Provision of independent expert reports for acquisitions approved by members

Independent expert reports again receive a mention from ASIC, although this time around the focus is on when IERs should be provided.

  • “Fair and reasonable” report of defective administrators replaced by an IER: While the practice of directors providing their own “fair and reasonable” opinion for the benefit of members is rare, ASIC cited a recent example about which many concerns were raised. These included: questions about the expertise of directors to express an opinion on financial and technical matters, the independence of one of the directors who wrote the report and the use of the industry experience of certain directors in this regard. which concerns technical matters, although these administrators do not have the appropriate technical diplomas. After ASIC’s intervention, the company hired an independent expert to comment on the transaction, which included a specialized technical report.
  • Provision of IERs for the benefit of members: ASIC recalled that, if members are asked to approve the acquisition of a relevant interest (in this context, we assume that ASIC is referring, for example, to a transaction involving an acquiring party > 20% in another or increasing their from a starting point> 20%), then if members do not receive an IER or a detailed report from directors on the transaction, this may be inconsistent with the obligation directors to disclose all important information about how to vote on the resolution. ASIC goes so far as to say that if membership approval is obtained without a report from the IER or the Director, the approval may be invalid.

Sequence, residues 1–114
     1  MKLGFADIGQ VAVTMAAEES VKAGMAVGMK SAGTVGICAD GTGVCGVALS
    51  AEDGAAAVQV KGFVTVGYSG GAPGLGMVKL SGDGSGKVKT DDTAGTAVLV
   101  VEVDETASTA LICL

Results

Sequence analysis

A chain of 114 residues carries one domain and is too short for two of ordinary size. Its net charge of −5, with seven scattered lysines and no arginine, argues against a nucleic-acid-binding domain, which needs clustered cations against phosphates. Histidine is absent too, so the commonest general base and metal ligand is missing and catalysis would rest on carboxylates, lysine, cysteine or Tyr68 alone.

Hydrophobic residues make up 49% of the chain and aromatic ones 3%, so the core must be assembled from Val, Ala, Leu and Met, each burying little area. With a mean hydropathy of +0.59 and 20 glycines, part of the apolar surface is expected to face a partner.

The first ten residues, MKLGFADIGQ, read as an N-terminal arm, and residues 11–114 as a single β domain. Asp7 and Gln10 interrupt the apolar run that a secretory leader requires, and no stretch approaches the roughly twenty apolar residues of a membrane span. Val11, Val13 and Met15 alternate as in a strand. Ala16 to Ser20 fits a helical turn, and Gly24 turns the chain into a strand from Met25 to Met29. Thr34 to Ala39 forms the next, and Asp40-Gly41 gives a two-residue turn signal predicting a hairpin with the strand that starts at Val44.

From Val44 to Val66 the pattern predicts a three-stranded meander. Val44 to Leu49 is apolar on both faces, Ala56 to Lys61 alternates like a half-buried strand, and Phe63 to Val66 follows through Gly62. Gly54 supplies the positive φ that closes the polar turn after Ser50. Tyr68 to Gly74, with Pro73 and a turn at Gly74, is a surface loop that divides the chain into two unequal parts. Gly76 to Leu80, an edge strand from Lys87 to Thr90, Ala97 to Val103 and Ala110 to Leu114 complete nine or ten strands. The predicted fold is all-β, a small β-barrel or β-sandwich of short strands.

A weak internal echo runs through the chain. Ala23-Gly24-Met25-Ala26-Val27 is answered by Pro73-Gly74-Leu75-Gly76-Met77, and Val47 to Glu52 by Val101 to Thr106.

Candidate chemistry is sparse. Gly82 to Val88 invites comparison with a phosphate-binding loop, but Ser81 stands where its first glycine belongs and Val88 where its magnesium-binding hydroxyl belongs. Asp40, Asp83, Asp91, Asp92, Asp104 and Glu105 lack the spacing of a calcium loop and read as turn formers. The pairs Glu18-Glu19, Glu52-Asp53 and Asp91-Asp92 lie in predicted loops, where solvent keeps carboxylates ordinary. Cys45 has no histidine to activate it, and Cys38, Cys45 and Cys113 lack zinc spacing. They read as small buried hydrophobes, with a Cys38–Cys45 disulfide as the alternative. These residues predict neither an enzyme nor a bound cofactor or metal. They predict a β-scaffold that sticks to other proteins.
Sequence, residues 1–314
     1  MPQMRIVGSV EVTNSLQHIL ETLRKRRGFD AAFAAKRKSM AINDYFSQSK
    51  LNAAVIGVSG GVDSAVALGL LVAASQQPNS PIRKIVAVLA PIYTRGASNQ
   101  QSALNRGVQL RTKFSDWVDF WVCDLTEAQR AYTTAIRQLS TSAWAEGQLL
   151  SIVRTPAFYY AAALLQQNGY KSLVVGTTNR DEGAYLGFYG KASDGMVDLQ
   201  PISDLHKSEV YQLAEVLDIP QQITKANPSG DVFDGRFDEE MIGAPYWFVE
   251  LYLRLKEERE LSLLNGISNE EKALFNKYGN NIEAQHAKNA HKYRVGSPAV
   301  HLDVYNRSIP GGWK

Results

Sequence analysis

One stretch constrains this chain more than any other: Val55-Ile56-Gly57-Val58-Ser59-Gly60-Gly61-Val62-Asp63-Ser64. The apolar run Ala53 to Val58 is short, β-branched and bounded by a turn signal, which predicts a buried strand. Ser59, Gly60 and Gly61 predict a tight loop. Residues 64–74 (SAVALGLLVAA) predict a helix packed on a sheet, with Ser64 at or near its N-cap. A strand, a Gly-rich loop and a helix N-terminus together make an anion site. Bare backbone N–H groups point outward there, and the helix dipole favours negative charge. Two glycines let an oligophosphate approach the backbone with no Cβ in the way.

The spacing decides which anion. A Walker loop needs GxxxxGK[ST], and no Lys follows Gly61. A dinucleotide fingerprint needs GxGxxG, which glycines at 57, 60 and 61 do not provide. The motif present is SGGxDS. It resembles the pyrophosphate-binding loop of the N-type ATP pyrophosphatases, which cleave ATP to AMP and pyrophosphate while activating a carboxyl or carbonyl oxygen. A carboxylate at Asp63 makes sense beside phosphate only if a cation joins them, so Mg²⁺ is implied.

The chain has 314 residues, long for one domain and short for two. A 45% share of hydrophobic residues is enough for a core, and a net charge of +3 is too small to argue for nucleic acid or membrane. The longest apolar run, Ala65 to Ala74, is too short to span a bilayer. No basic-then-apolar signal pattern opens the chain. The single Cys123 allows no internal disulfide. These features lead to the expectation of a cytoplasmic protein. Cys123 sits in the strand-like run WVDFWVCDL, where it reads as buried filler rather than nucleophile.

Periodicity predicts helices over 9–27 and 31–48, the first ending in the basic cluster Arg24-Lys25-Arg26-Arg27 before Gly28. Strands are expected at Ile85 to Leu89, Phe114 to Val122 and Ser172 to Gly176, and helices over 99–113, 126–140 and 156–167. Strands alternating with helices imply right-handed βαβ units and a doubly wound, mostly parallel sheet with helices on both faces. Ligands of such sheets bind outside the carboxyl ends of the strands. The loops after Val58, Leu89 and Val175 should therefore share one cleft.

Three key points to remember

Noting current Australian regulatory restrictions on PSPCs in Australia, ASIC is closely monitoring global regulatory and policy settings relating to PSPCs amid a larger question of whether the PSPC market is cooling or doing just right. a break to breathe.

  • Electronic methods of communication in takeovers appear to be gaining popularity – with examples of electronic submission of bidder and target declarations, and electronic acceptance facilities, which have recently emerged. Real-time benefits in terms of costs and efficiency result from these developments.
  • In cases where directors decide to produce their own report for members (rather than hire an independent expert), these reports are likely to attract real scrutiny, with the technical and independent expertise of the author directors likely to be in the spotlight of ASIC.